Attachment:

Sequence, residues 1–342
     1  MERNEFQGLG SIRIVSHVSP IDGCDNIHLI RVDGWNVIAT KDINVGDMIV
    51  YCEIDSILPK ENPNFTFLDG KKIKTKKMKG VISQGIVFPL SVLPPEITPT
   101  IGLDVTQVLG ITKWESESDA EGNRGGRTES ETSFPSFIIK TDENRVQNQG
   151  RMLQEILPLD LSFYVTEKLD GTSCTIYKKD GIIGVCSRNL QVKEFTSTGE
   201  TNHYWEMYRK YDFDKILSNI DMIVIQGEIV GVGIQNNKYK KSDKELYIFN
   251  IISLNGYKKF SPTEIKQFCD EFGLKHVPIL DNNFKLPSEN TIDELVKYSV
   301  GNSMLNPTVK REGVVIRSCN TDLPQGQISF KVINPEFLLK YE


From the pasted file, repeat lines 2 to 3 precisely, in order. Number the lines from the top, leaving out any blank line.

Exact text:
     1  MERNEFQGLG SIRIVSHVSP IDGCDNIHLI RVDGWNVIAT KDINVGDMIV
    51  YCEIDSILPK ENPNFTFLDG KKIKTKKMKG VISQGIVFPL SVLPPEITPT